Dear Miss Manners:
Bless me, Judith Martin, for I have sinned. You know those tacky brides who ask for stuff for their weddings? I happen to know some of them myself. A cousin of mine, for instance, wrote on her wedding invitation, "No presents please - we prefer cash". And a couple of years ago, two co-workers of mine invited us to a baby shower they were throwing for their own baby, then proceded to ask us to sign up to bring a dish, as it was a potluck. I shudder at their rudeness, but I cringe to confess, Miss Martin, that I have become one of those people -- I have asked my guests to give me presents.
Like all sinners, I have my excuses. My twins just celebrated their birthday, five days after Christmas. We invited about 10 children to their birthday party. The thought of the potential mountain of toys to be added to our already-full playroom sent me into a panic. We have recently been to a couple of parties where the mothers had specific gift requests (only books, no guns or superheroes). I thought their requests were quite tastefully worded, and I was not offended at all (in fact I sympathized). So I thought, why not? So in my sons' party invitations, I copied the first mother's wording and wrote "Books/puzzles only for presents, please!"
It worked; the boys received some lovely books and puzzles that they love, and the playroom inventory has not increased. But now I am consumed by guilt. Should I have done this? Do my kids' friends' parents now see me as a greedy mom? Perhaps I should have worded it better? For instance,
"Kindly limit presents to a small book or puzzle"
"For those who choose to bring presents, P&J would appreciate limiting presents to books or puzzles"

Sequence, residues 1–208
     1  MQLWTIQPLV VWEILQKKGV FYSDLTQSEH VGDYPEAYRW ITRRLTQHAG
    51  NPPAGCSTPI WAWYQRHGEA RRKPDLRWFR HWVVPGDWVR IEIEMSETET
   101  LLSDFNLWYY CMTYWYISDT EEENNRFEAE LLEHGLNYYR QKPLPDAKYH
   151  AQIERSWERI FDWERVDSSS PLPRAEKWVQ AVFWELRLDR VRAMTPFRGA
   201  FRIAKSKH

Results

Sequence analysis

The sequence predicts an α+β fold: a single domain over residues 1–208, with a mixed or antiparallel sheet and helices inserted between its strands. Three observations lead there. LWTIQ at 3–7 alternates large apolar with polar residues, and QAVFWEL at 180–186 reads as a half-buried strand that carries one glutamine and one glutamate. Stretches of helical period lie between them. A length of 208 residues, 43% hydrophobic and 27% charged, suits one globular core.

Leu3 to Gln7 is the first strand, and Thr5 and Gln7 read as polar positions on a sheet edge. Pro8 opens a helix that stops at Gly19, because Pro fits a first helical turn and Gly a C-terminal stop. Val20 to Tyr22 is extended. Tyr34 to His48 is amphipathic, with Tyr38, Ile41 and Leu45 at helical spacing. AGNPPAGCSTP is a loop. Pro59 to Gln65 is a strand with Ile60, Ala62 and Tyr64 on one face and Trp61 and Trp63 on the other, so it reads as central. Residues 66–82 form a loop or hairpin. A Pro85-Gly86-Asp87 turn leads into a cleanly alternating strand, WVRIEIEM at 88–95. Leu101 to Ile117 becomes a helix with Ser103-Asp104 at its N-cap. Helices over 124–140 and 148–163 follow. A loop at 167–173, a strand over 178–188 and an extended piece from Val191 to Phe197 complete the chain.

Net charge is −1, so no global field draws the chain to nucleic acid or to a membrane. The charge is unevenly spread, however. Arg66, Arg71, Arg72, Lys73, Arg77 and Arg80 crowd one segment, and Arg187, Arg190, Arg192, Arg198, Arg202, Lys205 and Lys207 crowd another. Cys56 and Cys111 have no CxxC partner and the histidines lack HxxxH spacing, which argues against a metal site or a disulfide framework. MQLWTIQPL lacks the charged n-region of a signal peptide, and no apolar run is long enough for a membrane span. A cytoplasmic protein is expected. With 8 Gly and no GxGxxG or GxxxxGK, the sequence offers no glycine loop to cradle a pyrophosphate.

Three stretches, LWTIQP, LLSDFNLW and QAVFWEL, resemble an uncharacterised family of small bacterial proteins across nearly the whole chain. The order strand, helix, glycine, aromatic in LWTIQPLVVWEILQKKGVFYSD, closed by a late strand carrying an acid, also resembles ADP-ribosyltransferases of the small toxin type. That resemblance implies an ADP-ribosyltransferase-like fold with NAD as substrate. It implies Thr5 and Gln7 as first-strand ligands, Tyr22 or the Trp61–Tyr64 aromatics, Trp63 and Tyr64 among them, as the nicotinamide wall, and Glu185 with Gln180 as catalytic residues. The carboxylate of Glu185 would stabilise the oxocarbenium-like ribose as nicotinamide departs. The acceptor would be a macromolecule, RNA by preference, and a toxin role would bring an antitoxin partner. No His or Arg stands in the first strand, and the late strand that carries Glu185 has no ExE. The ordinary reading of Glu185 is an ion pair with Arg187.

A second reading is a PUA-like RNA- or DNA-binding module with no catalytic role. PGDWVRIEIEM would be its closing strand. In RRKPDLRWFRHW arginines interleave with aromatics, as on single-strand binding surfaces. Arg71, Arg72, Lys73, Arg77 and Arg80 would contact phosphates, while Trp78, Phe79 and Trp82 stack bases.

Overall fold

I don't know. As I have read in your column, there is no way to ask people for presents without sounding greedy and impolite. I am not noble enough to ask people not to bring presents at all, or ask them to make a donation in lieu of buying a present. Perhaps I should have offered my book/puzzle suggestion only when asked. Please tell me, Miss Manners, if I should apologize to these mothers.
(I know I should be grateful for whatever people give my kids. But I also know that people like to see their presents appreciated, and I mean truly appreciated. My kids' toys get played with, discarded for the next new toy, broken and forgotten. On the other hand, there aren't many books my kids don't like, and any book given to them will be loved for a long, long time. At least that's what I'm telling myself to ease the guilt. I know Miss Manners would not approve, but what about other moms out there? Could you (or have you) done anything similar -- wish lists on Amazon, Target, etc..? Smart mom tip or tacky no-no? Saint or sinner? You decide.)
This post was originally published on the Silicon Valley Moms Blog.